No, it’s more about the hormonal changes that occur. Your blood sugars are better regulated (as mentioned above) which has an enormous impact on weight management. And, many stress hormones shift in a positive direction including the ones that help you get more and better sleep. These conspire to help your system regulate your weight better.
• Possible reduced risk of cancer:
I’ve heard several news items that indicated 30 minute walks several times a week can significantly lessen the risk of breast cancer.
Granted, I haven’t read the specific research studies, but what is clear is that walking does have many positive benefits.*
Here are a few more…
• Solitude and/or companionship:
You may take advantage of a little solitude on your walks. Letting your mind wander and shift pace as you take in the sights and sounds on your walks can help you solve problems, decrease stress, consolidate learning, and refresh yourself.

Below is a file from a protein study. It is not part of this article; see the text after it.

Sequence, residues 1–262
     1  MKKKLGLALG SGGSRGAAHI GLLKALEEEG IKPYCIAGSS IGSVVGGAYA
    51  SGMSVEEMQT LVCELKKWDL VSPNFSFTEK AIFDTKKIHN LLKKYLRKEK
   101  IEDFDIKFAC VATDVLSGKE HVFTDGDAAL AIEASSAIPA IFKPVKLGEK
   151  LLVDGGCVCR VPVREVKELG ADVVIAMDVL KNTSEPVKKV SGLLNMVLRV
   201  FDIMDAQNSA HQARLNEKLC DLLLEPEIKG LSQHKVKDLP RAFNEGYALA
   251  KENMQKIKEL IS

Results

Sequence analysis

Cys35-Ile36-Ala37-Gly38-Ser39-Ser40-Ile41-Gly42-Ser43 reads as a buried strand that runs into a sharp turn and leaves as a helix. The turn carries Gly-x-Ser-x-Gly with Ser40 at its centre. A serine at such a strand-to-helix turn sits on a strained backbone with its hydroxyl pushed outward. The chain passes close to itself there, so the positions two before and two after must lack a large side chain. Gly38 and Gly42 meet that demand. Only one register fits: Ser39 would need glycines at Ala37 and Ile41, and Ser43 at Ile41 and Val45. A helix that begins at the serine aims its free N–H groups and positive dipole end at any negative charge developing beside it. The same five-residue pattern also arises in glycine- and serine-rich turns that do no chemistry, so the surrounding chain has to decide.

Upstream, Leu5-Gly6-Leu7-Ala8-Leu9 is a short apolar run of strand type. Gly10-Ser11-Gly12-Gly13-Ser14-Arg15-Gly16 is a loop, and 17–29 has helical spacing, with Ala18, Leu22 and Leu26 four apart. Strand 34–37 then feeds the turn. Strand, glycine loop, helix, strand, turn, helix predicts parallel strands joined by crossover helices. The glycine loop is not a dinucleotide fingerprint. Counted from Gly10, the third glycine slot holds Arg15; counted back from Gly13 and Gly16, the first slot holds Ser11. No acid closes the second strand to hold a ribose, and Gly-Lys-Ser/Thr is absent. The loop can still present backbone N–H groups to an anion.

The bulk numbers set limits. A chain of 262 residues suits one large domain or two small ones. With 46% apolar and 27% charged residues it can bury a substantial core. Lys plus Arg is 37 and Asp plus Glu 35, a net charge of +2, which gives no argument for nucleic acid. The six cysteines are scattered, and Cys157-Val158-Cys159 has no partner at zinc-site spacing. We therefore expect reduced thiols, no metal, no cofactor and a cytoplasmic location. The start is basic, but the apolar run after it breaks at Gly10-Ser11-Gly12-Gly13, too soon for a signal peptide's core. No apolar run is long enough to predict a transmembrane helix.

Or, you may use your walks to nurture relationships while having real conversations face to face (or in this instance, shoulder to shoulder 😉 ) on your walks.
AND one of my favourites —naturally —
• Walking is a way to practice what you’re learning in your Feldenkrais lessons….
Learning to walk with greater efficiency, power, ease and flowing natural grace can improve many other movements and activities. Because as you improve the quality of your walking, you are improving the relationship between the different parts of yourself.
And, if you are learning to walk with greater efficiency, power and grace, you’ll also be activating your “anti-gravity” mechanism more effectively, which has a beneficial ripple effect on everything you do.
Walking more efficiently and with flowing natural ease also helps you carry your head well.
In other words, your head becomes incredibly free to turn and move in any direction. This freedom comes as a result of improving your relationship to the ground and the use of your pelvis for power. This is good stuff!
The sense of well-being and ease that accompanies this way of organising yourself is hard to overstate:
- You feel more balanced (and I don’t just mean physically, on your two legs)